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Kaepernick throws passes for 40 minutes at odd NFL workout

first_imgBy PAUL NEWBERRY AP Sports WriterRIVERDALE, Ga. — Colin Kaepernick threw passes for about 40 minutes on a high school field, then signed autographs for hundreds of fans who gathered in an end zone to watch his NFL workout that was suddenly moved Saturday, the latest strange twist in the saga of the exiled quarterback.Eight team representatives made it to the new location, including Philadelphia Eagles vice president of football operations Andrew Berry. It appeared the Jets, Redskins and …last_img read more

Mobile App Store Pocketgear Rebrands as Appia, Goes White Label

first_imgPocketgear, a major name in mobile application stores, has today announced a rebranding and shift in focus. It will now become Appia, a company focused on offering a white label app store platform for mobile operators, handset manufacturers and other mobile portals.Already, Appia powers the app stores for over 40 industry partners, including 4 of the 5 top handset makers, one being the Samsung Widget Store, as well as stores for U.S. mobile carriers T-Mobile, Verizon Wireless and AT&T. In total, Appia serves apps through its platform to over 3,200 mobile devices.For Developers: Access to Global Distribution ChannelsAppia’s developer community, which grew out of its Pocketgear days, now totals over 32, 000. The developers are heavily Android-focused right now, we’re told, with approximately half their offerings being built for Google’s Android mobile operating system. The other half are Symbian, BlackBerry, Java, Palm or Windows Mobile/Phone focused.With the new white label offering, Appia wants to help developers expand their reach to global application distribution markets. Through the updated developer portal at dev.appia.com, app developers can submit their apps for inclusion in the app stores that Appia supports.In total, these stores see a combined 500,000+ downloads per day, and that number is expected to double by mid-2011, says Dov Cohn, Appia’s VP of Marketing. And Appia has relationships with more than 50 top channel partners in place, including, as mentioned above, several of the top carriers in the U.S., plus three of the top 10 mobile operators globally. For Brands, Carriers, OEM and Handset Manufacturers: White Label StoresFor those interested in building a branded app store experience of their own, Appia’s white label service now wants to be that one-stop shop for launching a managed app store for any platforms or devices a brand, carrier, OEM or handset maker has in mind.In addition to powering the stores for major carriers and handset manufacturers like Samsung, Appia says it now has two more deals in place with “major brands,” but can’t disclose what those are at this time. It also is working to expand its carrier partner relationships in Latin America and Europe. The Rise and Rise of Mobile Payment Technology Tags:#apps#mobile#news Why IoT Apps are Eating Device Interfaces Role of Mobile App Analytics In-App Engagementcenter_img sarah perez What it Takes to Build a Highly Secure FinTech … Related Posts Why this Matters: 75% of Mobile App Revenue Comes from “On-Deck” AppsAlthough you may think that application stores like iTunes, the Android Market and others are the only places where developers are earning revenue, that’s not actually the case. These “off-deck” stores – the ones that sell directly to consumers – only account for a fourth of the global mobile application revenues. “On deck,” or carrier-managed, app stores actually account for 75% of the global app revenues. This is according to MarketsandMarkets’ World Mobile Applications Market Global Forecast, released in August 2010.That balance is changing, though. The same report notes that the number of off-deck app stores is growing rapidly, thanks to lowered entry barriers and the establishment of new stores. By the end of 2015, the off-deck app stores will just surpass the number of downloads from on-deck stores. However, even then, the on-deck app stores will be an important channel to address, for developers and store operators alike.last_img read more

Interview: Learan Kahanov, DP of “Madam Secretary”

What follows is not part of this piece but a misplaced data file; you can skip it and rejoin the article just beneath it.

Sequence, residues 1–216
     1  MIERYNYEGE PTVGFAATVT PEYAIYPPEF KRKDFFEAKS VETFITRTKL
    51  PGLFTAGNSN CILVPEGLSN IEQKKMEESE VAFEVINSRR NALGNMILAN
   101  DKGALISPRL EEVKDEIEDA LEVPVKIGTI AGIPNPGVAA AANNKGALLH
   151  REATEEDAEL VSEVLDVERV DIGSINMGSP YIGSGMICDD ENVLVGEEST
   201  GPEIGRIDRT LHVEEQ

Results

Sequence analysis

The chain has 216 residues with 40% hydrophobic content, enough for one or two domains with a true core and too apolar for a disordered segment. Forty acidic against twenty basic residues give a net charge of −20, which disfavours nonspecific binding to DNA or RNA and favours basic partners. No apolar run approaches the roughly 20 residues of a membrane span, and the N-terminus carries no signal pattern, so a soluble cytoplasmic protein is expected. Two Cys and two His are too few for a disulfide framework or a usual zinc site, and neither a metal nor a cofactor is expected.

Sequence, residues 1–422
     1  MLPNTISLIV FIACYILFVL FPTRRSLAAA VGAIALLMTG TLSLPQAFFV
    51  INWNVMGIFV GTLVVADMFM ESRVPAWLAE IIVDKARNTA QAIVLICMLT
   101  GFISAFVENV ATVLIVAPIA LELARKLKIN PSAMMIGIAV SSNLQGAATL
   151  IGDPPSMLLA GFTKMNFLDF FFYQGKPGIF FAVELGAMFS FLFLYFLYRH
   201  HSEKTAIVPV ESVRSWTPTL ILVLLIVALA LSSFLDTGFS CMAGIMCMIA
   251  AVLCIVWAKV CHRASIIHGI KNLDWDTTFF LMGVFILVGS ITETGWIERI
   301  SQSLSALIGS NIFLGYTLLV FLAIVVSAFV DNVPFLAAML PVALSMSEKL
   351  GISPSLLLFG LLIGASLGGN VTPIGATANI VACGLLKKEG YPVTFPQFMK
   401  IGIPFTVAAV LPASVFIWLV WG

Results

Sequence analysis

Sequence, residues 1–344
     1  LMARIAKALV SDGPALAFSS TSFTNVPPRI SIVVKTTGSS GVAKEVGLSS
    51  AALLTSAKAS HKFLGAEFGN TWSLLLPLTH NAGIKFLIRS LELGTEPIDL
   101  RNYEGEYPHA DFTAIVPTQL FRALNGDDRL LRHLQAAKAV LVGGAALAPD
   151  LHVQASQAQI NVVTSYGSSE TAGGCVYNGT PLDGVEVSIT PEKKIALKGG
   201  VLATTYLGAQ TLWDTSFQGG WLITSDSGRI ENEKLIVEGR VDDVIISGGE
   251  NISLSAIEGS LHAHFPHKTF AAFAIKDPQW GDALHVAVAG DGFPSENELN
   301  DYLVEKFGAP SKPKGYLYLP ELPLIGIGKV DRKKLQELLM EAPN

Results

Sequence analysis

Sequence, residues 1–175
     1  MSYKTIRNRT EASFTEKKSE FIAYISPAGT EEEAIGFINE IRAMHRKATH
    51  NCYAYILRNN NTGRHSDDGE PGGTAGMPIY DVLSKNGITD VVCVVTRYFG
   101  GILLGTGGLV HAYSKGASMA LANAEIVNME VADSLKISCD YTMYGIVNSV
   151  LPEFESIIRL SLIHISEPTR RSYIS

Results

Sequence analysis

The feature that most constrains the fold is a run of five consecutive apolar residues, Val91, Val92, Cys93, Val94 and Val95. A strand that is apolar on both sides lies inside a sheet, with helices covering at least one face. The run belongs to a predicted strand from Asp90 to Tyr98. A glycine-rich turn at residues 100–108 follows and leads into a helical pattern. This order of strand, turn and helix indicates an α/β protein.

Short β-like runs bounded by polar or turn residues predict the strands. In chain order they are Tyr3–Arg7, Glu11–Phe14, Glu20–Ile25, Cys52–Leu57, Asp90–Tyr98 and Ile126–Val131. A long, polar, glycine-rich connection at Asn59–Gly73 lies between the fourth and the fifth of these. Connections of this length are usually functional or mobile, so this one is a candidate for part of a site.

first_imgLearan Kahanov talks about his journey to becoming the DP of “Madam Secretary” — and where he looks for inspiration.PremiumBeat got a chance to talk with cinematographer Learan Kahanov about his progression in the industry — from childhood aspirations to working on indie films, and now as the DP for Madam Secretary starring Téa Leoni.PremiumBeat: Can you talk about your background and how you got your start in the industry?Learan Kahanov: I am first generation to Israeli parents and I grew up in the Midwest, of all places. My mother was a fine artist, and my dad was a management consultant. My mother actually went back to college to get a degree in fine arts, despite already being an artist. She minored in photography, so I ended up doing my middle school homework in her lab hours. In the photo lab, I learned how to print and that started my love of photography.As a teenager, I was working at a children’s museum, and one of my roles there was to teach younger kids how to use a dark room. Then we started getting into basic video skills and editing. It really kind of cemented my love for the moving image. I found myself at NYU and quickly met some people who got me on a set. I was cutting classes to work in the indie film world and commercials in New York during the early ’90s.I decided early in school that I wanted to focus on lighting, rather than cameras. So I started my professional career as a gaffer in the electric department. I was able to work on some great indie movies like Chasing Amy. I was the gaffer for David Klein, who is an amazing DP and has done many great things in his career.PB: What lead you to become the DP for Madam Secretary?LK: Around 2012, I made the transition into television as a camera operator and a second-unit DP. Working on shows like Nurse Jackie, Royal Pains, and a show called Unforgettable with Poppy Montgomery. That’s where I really honed my DP skills in the episodic world. Then I was called to work on Madam Secretary by producer Sam Hoffman, who had worked with me on Unforgettable, he came in to do some second unit directing, and I was his DP.I interviewed with the original cinematographer of Madam Secretary, Jonathan Brown. In the interview, he and the showrunner basically said, “We’re looking for an A-camera operator, but we need someone who can potentially take over the show, because Jonathan wants to direct.” I was like, “I’m your man.”PB: With Madam Secretary being a political drama, I imagine a character’s emotions and motivations play a role in how a scene is shot. Can you break down how you approach that process?LK: I would say that it’s three-fold on our show. There’s Elizabeth’s home life, her political life, and then there’s the world outside of that. You know, the foreign entity for that episode. There’s usually a connection between all three. I try to help the directors bridge that visually.It gives you an opportunity to play with connecting the emotions of the characters in all those worlds. As well as creating new visual language for discerning between those three worlds.PB: Can you talk about the camera and lens setups you have used on the show?LK: We’ve always shot with ARRI Alexas. Eventually we switched to the Alexa SXT. The biggest change we made when I took over the show was switching from ARRI Ultra primes to the Leica Summicrons. I would say 95% of the show is shot with prime lenses.We shoot a lot of blown-out windows. We light from outside in so the actors can move around the space a lot easier. The Leicas have an interesting flare characteristic that ends up giving an extra bit of softness. I can actually lay off the diffusion filters, especially to try to get some of the sharpness out of these digital cameras, because the lenses do it for me.PB: With this being the final season of Madam Secretary, did that have any influence on the look of show?LK: There are certain things I’ll do, trying to be a little more gutsy with the look, while still retaining a certain beauty and elegance. My key lights are softer, but my fill levels are less. You get a higher contrast image, but the light is a little softer on faces. Just being a little more daring, while still respecting the look of the show.PB: Where do you look for creative inspiration?LK: Quite honestly, my inspiration comes from the world around me. I think that we forget to look around the every day. Those little aspects of life that we seem to forget, I try to bring to work.I’m also a musician and a foodie. I recently took a trip to Israel, and I was inspired by going to restaurants and eating the food. A connection between a product and an emotional response. That product can be music, a plate of food, or an art form.PB: With the rise of streaming services, there seems to be a high-demand for episodic content and long-form narratives. What’s next for you as a DP? Are you looking to continue with episodic content?LK: There is a part of me that would love to delve into something where I can get a little bit more outside the box. I do think that one of the benefits of the streaming services, at least currently, is more room for exploration and freedom in how you shoot things.One of my biggest challenges on Madam Secretary was to create a show that was more cinematic than other shows you see on network television. I think we succeeded with that. That’s due to the production designer, directors, and the producers. It comes from the top down.I hope that people recognize the look of our show. And if they see something else and they say “Oh, that show looks like Madam Secretary“. That’s a testament to us doing our job as filmmakers.Cover image via Madam Secretary (CBS).Looking for more industry interviews? Check these out.Interview: Composer Brian H. Kim Talks BH90210 and MoreIndustry Insights: Production Designer Malchus JanockoThe Landscape of Sound: An Interview with Sound Designer Mandell WinterEditor Tom Jarvis on Carpool Karaoke with Paul McCartneyIndustry Insights with Cinematographer Michael Frankslast_img read more